Wells Fargo accountholders in the states of New Mexico, Oregon, Georgia, Washington and Nevada should brace themselves to be hit with additional fees this fall. Beginning on October 14, the bank intends to test out a “debit card activity fee” in those states. Customers will be charged a $3 fee each month they make a purchase using their card, regardless of whether they select to process the transaction as “debit” or “credit,” reports the website mybanktracker.com.
“An extra fee that I don’t need. It’s not like I can’t handle it, but no I don’t like it,” one customer told KRQE News 13, a local news station in Albuquerque, New Mexico, one of the areas that will be first hit by the new fee. Customers wishing to avoid the fee altogether can do so by only pulling out their cards at the ATM or else by making payments from their account online alone.
Many banks are experimenting with cutting perks and issuing additional fees in an effort to recoup some of the loss in revenue they will suffer once the Durbin Amendment goes into effect. Under those debit card fee caps, which are slated for this coming October, it is predicted that Wells Fargo will lose nearly $812.5 million annually in debit interchange fee revenue. The lending institution estimates that the $3 debit card fee would save them over $200 million in losses each year, should it be implemented nationwide. They also plan to eliminate all debit rewards programs.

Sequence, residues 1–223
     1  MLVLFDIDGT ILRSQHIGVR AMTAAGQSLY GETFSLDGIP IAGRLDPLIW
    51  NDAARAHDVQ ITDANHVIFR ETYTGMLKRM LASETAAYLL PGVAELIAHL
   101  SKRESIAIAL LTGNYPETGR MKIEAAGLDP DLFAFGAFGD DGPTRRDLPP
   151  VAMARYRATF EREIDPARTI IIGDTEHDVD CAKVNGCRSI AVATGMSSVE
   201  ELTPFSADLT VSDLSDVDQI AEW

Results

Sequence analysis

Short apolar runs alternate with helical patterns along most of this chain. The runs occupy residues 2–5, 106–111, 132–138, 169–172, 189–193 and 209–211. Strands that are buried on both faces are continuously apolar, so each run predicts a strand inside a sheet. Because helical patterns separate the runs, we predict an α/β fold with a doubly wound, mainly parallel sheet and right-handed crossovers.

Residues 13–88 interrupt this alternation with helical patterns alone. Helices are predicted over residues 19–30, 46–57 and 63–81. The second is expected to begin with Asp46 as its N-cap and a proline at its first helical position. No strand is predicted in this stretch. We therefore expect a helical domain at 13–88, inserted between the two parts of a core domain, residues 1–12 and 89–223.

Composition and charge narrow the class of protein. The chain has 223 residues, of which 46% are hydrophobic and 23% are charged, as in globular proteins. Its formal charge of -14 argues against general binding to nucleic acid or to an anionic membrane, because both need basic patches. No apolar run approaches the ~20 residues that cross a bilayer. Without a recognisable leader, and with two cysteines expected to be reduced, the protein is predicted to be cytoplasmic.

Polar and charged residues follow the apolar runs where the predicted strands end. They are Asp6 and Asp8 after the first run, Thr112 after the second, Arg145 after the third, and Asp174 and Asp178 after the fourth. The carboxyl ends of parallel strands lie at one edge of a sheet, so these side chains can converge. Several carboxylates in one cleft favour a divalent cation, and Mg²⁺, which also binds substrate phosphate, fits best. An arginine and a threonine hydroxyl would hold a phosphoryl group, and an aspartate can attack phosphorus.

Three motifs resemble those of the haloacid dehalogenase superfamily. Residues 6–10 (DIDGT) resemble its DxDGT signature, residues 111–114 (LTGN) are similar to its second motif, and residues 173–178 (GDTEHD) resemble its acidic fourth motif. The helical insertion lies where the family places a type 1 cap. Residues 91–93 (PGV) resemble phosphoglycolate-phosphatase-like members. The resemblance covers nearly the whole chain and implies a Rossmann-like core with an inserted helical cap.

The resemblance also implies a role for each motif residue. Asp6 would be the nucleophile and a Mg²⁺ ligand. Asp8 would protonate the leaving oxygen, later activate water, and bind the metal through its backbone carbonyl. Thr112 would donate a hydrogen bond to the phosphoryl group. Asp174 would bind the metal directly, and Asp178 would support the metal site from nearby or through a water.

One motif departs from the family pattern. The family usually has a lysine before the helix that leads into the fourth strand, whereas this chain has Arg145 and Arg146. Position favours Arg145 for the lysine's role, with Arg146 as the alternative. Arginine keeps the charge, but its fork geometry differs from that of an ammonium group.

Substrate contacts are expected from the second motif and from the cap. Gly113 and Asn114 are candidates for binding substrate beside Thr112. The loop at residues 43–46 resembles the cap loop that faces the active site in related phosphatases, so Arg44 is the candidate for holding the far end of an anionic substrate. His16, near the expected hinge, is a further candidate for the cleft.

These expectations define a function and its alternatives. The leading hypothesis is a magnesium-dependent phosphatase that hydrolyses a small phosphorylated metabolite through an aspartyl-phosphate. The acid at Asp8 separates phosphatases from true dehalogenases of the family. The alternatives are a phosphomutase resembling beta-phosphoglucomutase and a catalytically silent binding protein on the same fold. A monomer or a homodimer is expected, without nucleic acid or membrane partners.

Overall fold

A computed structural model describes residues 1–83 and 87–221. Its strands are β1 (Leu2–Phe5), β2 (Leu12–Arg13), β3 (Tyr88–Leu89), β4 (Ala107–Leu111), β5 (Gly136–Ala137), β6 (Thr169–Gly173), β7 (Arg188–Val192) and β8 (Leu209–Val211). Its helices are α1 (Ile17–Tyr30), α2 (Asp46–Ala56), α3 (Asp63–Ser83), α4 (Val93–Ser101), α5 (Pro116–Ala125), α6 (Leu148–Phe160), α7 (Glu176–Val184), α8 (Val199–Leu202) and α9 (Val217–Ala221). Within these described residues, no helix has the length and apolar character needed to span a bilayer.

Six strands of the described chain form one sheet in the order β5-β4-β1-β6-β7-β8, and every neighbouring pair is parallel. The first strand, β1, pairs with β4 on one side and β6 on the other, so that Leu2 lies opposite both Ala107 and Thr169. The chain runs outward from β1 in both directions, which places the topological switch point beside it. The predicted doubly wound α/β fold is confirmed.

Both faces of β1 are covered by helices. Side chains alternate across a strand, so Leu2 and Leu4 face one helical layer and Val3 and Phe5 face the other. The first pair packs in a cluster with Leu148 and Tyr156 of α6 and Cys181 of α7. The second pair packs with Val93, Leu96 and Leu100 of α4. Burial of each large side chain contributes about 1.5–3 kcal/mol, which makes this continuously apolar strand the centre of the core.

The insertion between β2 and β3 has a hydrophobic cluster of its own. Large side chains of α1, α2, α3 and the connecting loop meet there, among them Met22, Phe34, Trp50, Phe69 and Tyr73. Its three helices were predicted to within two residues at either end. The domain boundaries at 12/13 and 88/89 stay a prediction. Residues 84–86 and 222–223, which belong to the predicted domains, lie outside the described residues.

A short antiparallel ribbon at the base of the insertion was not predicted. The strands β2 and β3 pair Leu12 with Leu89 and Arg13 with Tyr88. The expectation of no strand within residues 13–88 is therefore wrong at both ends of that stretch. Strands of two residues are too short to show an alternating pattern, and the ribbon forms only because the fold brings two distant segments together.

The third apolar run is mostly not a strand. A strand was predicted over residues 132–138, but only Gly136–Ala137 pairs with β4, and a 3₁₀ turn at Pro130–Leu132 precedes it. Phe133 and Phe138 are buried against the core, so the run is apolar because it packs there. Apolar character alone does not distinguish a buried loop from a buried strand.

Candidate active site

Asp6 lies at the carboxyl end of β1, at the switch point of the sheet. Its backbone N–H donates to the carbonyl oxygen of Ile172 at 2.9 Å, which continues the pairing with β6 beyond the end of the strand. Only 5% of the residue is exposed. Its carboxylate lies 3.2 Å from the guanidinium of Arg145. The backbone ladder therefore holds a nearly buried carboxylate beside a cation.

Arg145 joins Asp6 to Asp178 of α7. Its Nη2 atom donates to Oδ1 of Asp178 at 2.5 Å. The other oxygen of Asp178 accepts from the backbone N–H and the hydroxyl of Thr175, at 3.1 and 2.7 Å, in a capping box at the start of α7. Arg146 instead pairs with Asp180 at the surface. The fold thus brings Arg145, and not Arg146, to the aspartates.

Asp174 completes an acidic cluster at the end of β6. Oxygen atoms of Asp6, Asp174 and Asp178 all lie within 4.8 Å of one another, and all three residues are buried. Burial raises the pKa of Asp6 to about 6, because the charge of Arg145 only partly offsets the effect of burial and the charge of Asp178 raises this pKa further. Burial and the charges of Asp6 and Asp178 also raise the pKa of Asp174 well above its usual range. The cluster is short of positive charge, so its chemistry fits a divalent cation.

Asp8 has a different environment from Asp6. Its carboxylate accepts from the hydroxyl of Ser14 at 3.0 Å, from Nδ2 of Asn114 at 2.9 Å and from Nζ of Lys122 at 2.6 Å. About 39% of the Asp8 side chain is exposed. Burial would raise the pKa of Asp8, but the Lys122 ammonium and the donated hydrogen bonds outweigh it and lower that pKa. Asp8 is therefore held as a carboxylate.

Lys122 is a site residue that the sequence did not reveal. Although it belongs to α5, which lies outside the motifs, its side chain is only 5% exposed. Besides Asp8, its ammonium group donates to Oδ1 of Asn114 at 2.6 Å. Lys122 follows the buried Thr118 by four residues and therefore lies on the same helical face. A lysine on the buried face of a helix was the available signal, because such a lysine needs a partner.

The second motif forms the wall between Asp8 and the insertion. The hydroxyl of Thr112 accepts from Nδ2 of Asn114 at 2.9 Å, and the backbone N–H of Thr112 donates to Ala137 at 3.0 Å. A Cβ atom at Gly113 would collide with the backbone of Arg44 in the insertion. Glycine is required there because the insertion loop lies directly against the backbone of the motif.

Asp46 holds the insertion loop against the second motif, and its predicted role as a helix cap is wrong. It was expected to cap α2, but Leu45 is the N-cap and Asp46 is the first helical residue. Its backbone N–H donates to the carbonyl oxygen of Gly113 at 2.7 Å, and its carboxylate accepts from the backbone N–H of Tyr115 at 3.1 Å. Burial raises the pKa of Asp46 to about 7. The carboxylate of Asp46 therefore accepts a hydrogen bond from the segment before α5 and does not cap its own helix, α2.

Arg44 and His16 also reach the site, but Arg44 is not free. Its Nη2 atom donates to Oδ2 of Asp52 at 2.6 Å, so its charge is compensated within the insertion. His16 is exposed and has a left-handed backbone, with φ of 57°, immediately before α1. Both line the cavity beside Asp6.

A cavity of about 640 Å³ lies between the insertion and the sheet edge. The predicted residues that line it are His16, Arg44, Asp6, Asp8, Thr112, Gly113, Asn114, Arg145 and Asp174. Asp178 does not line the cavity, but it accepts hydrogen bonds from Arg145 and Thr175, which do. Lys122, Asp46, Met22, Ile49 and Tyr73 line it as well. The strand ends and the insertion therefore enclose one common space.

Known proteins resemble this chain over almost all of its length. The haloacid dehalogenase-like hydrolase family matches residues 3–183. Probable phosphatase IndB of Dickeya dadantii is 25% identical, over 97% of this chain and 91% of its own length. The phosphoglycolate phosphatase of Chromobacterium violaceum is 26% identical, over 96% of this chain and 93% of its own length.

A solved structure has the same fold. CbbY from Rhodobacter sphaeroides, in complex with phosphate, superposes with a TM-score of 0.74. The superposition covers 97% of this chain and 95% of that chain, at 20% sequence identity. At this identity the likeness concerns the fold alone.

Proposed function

“This comes as no surprise to us. It was a foregone conclusion that when the bill passed, this is what would happen,” said President of the Consumer Bankers Association Richard Hunt, to CBS’ moneywatch.com. “When [the Senate] told banks what they could not could not charge on a product … we told them consumers would ultimately bear the cost.”
Lisa Westermann, a Wells Fargo spokeswoman, said in an email to moneywatch.com: “In WFC’s earnings announcement we talked about recovering 50% of the lost revenue over time through product changes and volume growth. This is one of those ways we are looking at recouping lost revenue. We regularly review our pricing and take into account the needs of our customers, industry trends, the market competition and our cost of doing business. Our goal is to set a fair price that is consistent with the value of each product or service.”
The five-state trial is the bank’s attempt to evaluate consumer response before deciding whether or not to introduce the fee nationwide, which would go on to affect approximately 40 million customers.